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Updated assessment of risks and benefits of dolutegravir versus efavirenz in new antiretroviral treatment initiators in sub-Saharan Africa: modelling to inform treatment guidelines.
Lancet HIV. 2020 03; 7(3):e193-e200.LH

Abstract

BACKGROUND

The integrase inhibitor dolutegravir is being considered in several countries in sub-Saharan Africa instead of efavirenz for people initiating antiretroviral therapy (ART) because of superior tolerability and a lower risk of resistance emergence. WHO requested updated modelling results for its 2019 Antiretroviral Guidelines update, which was restricted to the choice of dolutegravir or efavirenz in new ART initiators. In response to this request, we modelled the risks and benefits of alternative policies for initial first-line ART regimens.

METHODS

We updated an existing individual-based model of HIV transmission and progression in adults to consider information on the risk of neural tube defects in women taking dolutegravir at time of conception, as well as the effects of dolutegravir on weight gain. The model accounted for drug resistance in determining viral suppression, with consequences for clinical outcomes and mother-to-child transmission. We sampled distributions of parameters to create various epidemic setting scenarios, which reflected the diversity of epidemic and programmatic situations in sub-Saharan Africa. For each setting scenario, we considered the situation in 2018 and compared ART initiation policies of an efavirenz-based regimen in women intending pregnancy, and a dolutegravir-based regimen in others, and a dolutegravir-based regimen, including in women intending pregnancy. We considered predicted outcomes over a 20-year period from 2019 to 2039, used a 3% discount rate, and a cost-effectiveness threshold of US$500 per disability-adjusted life-year (DALY) averted.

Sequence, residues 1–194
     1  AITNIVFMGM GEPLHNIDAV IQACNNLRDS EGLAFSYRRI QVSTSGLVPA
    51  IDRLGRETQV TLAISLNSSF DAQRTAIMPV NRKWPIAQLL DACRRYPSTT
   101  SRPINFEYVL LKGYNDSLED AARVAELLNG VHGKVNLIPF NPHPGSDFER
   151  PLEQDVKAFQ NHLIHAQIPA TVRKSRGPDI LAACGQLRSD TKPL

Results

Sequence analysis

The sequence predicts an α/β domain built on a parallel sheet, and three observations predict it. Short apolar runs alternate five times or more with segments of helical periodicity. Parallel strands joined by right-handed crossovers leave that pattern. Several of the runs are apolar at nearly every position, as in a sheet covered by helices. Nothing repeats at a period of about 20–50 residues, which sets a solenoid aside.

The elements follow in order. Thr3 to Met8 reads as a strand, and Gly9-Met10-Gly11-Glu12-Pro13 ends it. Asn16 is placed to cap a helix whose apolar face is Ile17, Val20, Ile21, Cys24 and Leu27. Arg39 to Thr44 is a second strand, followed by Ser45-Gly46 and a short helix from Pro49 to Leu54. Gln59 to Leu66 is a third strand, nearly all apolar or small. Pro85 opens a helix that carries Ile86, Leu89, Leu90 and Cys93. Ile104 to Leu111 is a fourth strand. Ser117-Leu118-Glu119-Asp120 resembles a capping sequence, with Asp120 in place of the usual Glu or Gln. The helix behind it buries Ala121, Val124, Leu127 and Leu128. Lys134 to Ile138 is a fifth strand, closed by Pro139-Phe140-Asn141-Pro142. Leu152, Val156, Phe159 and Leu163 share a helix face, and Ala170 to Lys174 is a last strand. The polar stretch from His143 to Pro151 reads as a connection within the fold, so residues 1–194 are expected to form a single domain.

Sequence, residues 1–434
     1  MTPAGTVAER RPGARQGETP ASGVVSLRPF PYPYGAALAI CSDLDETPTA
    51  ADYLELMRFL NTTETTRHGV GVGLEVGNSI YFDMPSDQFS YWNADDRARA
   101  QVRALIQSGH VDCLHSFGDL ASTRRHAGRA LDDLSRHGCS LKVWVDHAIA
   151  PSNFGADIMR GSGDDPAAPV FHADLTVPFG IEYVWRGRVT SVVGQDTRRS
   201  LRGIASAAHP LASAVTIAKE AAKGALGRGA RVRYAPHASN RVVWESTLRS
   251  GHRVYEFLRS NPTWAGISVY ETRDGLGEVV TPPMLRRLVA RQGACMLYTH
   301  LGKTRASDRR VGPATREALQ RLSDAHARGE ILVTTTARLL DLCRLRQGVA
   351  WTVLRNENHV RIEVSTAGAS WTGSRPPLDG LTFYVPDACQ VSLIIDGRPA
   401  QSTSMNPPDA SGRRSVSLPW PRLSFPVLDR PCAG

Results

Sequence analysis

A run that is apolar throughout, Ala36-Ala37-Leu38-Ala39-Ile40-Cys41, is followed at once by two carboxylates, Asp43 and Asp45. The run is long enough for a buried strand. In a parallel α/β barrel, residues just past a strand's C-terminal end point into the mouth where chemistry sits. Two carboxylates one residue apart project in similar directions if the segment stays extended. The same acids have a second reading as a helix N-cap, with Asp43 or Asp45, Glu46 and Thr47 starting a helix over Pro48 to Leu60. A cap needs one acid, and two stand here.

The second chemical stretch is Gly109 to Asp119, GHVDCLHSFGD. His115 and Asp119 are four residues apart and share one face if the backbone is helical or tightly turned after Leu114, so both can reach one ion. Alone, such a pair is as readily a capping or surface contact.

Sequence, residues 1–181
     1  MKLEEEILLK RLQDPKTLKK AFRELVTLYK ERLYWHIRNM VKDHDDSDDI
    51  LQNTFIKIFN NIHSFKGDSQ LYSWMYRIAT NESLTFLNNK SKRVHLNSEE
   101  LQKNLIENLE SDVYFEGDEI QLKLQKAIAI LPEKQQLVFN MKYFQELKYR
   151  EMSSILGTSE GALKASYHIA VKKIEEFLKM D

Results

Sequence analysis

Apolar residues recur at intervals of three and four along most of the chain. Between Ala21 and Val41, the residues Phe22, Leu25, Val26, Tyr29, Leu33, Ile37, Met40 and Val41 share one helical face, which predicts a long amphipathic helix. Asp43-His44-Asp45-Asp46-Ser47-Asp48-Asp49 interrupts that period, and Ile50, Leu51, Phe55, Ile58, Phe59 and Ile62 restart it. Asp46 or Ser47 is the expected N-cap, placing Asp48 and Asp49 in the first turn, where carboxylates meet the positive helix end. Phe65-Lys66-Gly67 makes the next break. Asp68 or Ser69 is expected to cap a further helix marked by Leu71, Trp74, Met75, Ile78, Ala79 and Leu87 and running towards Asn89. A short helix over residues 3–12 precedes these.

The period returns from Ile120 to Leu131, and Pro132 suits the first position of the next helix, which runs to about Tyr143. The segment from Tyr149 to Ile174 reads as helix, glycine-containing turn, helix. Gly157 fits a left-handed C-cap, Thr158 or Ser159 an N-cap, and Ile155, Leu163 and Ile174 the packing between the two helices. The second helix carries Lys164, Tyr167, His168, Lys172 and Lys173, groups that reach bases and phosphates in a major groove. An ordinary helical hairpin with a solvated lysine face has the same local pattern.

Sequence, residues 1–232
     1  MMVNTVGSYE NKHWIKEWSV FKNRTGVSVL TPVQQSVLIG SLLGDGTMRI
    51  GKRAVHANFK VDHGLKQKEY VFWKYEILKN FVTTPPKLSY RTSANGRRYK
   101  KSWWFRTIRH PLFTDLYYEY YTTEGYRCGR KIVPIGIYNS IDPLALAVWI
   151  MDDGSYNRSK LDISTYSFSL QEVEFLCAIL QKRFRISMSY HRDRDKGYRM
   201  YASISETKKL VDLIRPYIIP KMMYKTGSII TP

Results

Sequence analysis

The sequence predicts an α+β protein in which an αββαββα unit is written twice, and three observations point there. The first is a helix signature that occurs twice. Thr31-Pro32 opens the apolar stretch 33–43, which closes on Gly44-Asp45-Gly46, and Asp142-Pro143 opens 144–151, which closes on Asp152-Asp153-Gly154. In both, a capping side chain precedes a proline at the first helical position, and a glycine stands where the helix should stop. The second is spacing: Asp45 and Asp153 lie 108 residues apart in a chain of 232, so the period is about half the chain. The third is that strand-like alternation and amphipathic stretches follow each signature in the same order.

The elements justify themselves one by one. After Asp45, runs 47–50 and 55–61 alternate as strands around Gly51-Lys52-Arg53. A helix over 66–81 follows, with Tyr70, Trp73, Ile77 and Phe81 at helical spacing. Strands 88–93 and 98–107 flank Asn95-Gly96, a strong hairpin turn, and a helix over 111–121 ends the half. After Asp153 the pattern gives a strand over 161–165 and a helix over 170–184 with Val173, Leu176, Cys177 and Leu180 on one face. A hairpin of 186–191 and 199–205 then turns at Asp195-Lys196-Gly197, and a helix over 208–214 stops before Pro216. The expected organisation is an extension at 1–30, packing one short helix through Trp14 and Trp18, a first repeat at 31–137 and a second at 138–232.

FINDINGS

Considering updated information on risks and benefits, a policy of ART initiation with a dolutegravir-based regimen rather than an efavirenz-based regimen, including in women intending pregnancy, is predicted to bring population health benefits (10 990 DALYs averted per year) and to be cost-saving (by $2·9 million per year), leading to a reduction in the overall population burden of disease of 16 735 net DALYs per year for a country with an adult population size of 10 million. The policy involving ART initiation with a dolutegravir-based regimen in women intending pregnancy was cost-effective in 87% of our setting scenarios and this finding was robust in various sensitivity analyses, including around the potential negative effects of weight gain.

INTERPRETATION

In the context of a range of modelled setting scenarios in sub-Saharan Africa, we found that a policy of ART initiation with a dolutegravir-based regimen, including in women intending pregnancy, was predicted to bring population health benefits and be cost-effective, supporting WHO's strong recommendation for dolutegravir as a preferred drug for ART initiators.

FUNDING

Bill & Melinda Gates Foundation.

Authors+Show Affiliations